Meanwhile, the optimism that boosted markets earlier in 2021 has faded on growing concerns about the supply chain disruptions intensifying inflation concerns globally. The US’s inflation hit 6.8% in December 2021, the highest level since the last 40 years. To contain the surplus of liquidity in the US dollar, the Federal Reserve in November 2021 began tapering the pace of its monthly asset purchases by US$15 billion but held to its belief that high inflation would not require an urgent need to raise interest rates. The US regulator has changed its stance on calling the inflation transitory in its latest Federal Open Market Committee meeting in December 2021 and announced speeding up its tapering as well as potentially three rate hikes as early as 2022.
The Fed’s new hawkish decisions pushed investors to further park liquidity in high-quality short-term instruments which had a positive impact on the demand for IILM papers since the third quarter of 2021. This high demand has pushed the IILM profit rates on the regular tenors to their lowest since inception. The IILM has successfully stabilized its outstanding issuances in 2021 to US$3.51 billion, the highest volume of Sukuk ever, addressing the higher and various demand for high-quality assets from the institutions offering Islamic financial services.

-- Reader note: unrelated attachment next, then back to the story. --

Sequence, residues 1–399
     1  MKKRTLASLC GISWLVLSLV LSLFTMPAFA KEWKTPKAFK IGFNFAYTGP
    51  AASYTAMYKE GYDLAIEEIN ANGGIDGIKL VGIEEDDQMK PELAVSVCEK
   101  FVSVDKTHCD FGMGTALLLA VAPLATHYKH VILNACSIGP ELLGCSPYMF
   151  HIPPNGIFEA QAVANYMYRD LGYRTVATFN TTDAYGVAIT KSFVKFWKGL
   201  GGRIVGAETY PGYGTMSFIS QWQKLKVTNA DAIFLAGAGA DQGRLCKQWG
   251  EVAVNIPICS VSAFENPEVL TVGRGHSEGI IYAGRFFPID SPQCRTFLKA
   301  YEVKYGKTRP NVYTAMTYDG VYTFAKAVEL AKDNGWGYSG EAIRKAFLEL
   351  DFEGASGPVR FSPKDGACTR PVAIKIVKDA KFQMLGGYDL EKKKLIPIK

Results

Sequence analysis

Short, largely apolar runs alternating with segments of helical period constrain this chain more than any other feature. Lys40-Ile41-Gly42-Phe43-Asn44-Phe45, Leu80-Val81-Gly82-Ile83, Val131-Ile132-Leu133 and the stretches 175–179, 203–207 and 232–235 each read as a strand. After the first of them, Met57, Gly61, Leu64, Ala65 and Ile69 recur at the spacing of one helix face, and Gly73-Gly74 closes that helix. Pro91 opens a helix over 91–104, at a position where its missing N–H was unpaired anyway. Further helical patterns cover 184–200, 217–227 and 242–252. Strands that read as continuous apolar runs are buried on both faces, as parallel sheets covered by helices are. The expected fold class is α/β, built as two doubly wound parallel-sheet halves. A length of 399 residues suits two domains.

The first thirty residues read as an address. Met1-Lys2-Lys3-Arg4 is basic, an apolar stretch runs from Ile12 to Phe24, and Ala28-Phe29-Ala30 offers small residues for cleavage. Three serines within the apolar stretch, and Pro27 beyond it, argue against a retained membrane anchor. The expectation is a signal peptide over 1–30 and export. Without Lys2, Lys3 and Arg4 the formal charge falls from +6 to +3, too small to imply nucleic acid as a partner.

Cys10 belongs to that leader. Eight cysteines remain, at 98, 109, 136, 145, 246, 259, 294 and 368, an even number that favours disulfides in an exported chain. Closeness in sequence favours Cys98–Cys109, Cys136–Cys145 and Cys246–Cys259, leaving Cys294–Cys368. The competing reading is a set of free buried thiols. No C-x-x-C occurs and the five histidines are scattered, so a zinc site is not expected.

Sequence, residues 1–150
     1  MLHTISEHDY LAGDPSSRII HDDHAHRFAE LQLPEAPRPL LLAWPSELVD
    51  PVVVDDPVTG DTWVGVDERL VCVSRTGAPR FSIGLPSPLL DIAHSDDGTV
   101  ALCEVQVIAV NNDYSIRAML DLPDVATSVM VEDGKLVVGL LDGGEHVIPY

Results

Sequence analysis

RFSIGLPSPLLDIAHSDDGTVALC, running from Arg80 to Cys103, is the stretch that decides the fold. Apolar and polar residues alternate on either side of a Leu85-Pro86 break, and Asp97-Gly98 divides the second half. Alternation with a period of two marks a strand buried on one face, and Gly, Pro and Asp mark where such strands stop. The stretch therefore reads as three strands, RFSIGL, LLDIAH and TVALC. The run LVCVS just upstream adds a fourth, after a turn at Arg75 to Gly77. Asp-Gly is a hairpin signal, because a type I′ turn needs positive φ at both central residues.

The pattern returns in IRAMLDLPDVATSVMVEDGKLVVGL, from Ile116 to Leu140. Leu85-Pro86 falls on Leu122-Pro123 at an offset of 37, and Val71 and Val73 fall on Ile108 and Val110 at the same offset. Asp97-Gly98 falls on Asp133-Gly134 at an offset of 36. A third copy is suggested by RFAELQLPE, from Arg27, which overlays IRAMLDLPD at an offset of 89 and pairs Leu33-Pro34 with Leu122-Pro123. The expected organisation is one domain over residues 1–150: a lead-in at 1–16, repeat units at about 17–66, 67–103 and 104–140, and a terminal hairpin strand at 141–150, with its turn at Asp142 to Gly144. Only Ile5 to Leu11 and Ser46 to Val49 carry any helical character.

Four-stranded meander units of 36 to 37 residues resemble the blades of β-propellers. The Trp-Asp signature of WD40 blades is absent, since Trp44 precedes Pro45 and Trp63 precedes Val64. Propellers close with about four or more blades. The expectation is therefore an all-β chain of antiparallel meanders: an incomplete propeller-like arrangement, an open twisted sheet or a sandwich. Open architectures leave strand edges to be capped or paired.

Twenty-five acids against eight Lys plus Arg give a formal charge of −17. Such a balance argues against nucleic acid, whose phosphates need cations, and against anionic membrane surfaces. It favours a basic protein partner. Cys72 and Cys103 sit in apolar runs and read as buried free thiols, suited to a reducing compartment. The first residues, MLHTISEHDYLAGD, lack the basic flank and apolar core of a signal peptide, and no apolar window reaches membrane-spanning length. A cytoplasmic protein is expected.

In 2021, the IILM has thrived to fulfill its mandate of providing liquidity management instruments to the market by supplying an excess of US$14.12 billion across 36 Sukuk, the highest volume since inception. It became a frequent and stable issuer, constantly offering three different tenors monthly, namely one-month, three-month and six-month Sukuk. This accounted for 27% of the total global US dollar Sukuk issuances in 2021 and positioned the IILM as one of the top US dollar Sukuk issuers. The secondary market volume has risen to US$1.4 billion representing circa 10% of the total issuances in 2021.